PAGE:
Population is a complex, multifaceted subject, one that is often neglected and misunderstood in the wider world. We know that population numbers have a significant impact on planetary health and its inhabitants, so there is a real need for high-quality studies that investigate at these issues.
This is where the Journal of Population & Sustainability (JP&S) comes in. The JP&S is where to go for the latest trends, academic research and in-depth analysis for those who want to understand the issues more comprehensively. The bi-annual journal publishes peer-reviewed and invited material and is edited by David Samways, whose research interests centre around socio-technical practices and environmental sustainability.
While financially supported by Population Matters, the JP&S is editorially independent and welcomes contributions from a variety of perspectives on the role of population in environmental problems. The views and opinions expressed by authors do not necessarily reflect those of the editor, the editorial board or publisher.
The most recent edition was published in January this year – please read on for a brief summary of what’s inside.
David Samways opens the latest volume of the JP&S referencing COP28, which took place at the end of last year in the UAE. It was another international meeting that was met with scepticism and was defined by underwhelming commitments amid a nonsensical backdrop. David points out that, although population is undoubtedly an indirect driver of our the environmental crisis, it is not considered within the COP framework.
While the level of consumption, especially of the most affluent, is cited as the most significant factor in the generation of the environmental crisis, population growth is universally acknowledged in the scientific literature as a significant indirect driver of present and future trends.”
The first article is by Frank Götmark and Nordhild Wetzler, two Swedish academics. Their premise is that though the causes of declining total fertility rates have been studied and identified, little research has been done into what people think about why it happens. The authors have compared the public perception from educated citizens in a developed country (Sweden) and a developing country (Nigeria), asking why the birth rate has fallen in a developing country (Nigeria).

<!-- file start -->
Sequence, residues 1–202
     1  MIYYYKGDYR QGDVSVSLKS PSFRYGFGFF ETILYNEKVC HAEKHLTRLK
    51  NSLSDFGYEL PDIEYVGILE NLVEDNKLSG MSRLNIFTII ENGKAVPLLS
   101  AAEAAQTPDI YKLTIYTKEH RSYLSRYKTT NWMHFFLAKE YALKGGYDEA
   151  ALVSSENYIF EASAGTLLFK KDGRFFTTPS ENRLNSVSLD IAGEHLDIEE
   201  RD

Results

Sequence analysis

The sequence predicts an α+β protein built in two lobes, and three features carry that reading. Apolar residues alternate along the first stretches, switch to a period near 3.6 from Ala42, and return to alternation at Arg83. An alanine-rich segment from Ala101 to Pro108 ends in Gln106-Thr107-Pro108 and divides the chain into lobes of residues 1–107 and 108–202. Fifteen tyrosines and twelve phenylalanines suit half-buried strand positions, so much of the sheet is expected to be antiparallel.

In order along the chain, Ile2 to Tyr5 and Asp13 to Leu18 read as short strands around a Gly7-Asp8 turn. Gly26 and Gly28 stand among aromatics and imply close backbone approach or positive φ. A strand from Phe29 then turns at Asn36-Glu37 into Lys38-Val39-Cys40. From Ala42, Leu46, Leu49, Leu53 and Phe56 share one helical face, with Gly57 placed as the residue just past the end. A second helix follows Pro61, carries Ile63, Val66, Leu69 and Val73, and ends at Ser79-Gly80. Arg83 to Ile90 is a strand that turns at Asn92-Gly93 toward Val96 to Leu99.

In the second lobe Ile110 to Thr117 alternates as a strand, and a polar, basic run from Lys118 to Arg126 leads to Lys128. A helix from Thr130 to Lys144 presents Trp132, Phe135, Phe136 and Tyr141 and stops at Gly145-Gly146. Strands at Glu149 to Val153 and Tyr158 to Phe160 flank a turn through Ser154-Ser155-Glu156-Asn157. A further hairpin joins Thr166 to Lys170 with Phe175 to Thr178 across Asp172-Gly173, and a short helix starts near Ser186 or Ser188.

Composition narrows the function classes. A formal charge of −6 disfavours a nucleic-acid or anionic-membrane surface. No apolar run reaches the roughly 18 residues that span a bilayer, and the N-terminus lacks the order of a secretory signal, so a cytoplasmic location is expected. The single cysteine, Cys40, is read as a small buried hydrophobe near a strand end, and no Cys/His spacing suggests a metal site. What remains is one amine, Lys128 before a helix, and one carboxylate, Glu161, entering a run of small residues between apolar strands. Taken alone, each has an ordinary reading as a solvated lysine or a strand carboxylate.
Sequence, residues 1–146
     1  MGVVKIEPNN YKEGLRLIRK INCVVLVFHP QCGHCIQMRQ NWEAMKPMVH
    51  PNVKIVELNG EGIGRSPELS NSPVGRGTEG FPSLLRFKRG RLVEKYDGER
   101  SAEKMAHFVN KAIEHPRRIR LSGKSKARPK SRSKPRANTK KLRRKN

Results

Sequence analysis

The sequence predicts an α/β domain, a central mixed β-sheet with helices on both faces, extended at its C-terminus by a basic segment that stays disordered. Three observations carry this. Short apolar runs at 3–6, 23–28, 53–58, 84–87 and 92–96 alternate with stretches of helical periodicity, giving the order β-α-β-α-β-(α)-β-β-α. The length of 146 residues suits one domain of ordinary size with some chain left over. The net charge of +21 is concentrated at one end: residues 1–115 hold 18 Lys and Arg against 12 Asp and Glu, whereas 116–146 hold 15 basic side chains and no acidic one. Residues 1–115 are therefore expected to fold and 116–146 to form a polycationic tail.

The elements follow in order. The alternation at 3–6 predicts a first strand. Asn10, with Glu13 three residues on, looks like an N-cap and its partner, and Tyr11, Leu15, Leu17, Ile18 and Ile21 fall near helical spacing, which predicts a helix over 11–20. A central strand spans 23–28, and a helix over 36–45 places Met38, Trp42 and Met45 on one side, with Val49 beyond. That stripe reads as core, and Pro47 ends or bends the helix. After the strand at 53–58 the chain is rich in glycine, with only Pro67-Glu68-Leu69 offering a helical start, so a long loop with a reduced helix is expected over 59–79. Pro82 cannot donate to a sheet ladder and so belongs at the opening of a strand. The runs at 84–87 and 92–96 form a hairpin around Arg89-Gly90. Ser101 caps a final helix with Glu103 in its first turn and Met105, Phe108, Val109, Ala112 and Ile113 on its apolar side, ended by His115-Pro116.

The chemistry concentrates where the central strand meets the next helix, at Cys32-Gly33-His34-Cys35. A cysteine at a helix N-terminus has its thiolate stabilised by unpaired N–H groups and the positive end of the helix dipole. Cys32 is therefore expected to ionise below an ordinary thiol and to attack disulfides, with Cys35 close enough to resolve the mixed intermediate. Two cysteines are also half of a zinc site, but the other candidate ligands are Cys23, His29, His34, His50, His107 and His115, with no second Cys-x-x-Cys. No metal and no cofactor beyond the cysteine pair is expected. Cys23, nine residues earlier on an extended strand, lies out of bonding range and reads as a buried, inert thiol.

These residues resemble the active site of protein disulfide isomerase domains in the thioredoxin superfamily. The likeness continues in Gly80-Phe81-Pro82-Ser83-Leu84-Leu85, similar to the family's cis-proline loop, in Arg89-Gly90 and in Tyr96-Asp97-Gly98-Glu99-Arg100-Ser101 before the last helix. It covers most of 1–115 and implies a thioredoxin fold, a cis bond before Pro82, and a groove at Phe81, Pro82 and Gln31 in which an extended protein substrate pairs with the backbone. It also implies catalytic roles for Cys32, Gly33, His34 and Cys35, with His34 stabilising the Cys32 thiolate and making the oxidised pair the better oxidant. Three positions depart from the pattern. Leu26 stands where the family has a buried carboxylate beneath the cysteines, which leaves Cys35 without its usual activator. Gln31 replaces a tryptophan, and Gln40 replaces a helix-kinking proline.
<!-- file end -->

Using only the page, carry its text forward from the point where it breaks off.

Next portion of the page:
In Sweden, 72 per cent of respondents suggested improved living conditions, including economy and education, lower infant mortality and generally progressive development. In contrast, in Nigeria 66 per cent of the respondents suggested that poverty, bad socioeconomic conditions and poor health cause declining birth rates.”
Socio-ecological drivers of the pastoralist-farmer conflict
The second paper is by Chukwudi Njoku, Joel Efiong and Stefano Moncada. Their contribution examines the conflicts between pastoralists and settled farmers in the Mid-Benue Trough in central Nigeria, illustrating the complexity of the interactions of demographic factors, environmental change, socio-economic conditions and cultural factors.
This study introduces the ethnicity dimension alongside factors such as climate change, economic development, population density, political violence and terrorism. Data originates from secondary sources, and multinomial regression is used to model significant effects.”
Contemporary extinctions and multispecies thanatopolitics
This third peer-reviewed article is by Portuguese academic João Aldeia. Michael Foucault was a French philosopher and writer, and Aldeia argues that, contrary to Foucalt’s position, modern biopolitics is inherently thanatopolitical (or politics of life premised on a politics of death).
In modernity, biopolitical interventions in what Foucault defines as the milieu are intended to foster the lives of (certain) human populations, while they are also premised on killing non-human species.”
Scientists’ warning on the problem with overpopulation and living systems
The final article comes from Dr. M. Lynn Lamoreux and Prof. Dorothy C. Bennett. They note that our obsession with endless growth for profit, which includes population growth, is at odds with the function of the biosystem; the two are not compatible.
The function of the biosystem and its components is the sustainable reproduction and evolution of life. Humans have many of their own systems, including a global, commercially oriented system of corporations and social structures, which we term the corposystem. A major aim of the corposystem is endless growth for profit, which depends on endless human population growth: not sustainable on a finite planet.”
The latest JP&S is the 14th edition, and if you’d like to delve into the archive you can see all previous versions here. Finally, if you’d like to receive the JP&S directly into your inbox twice a year upon its publication, please let us know.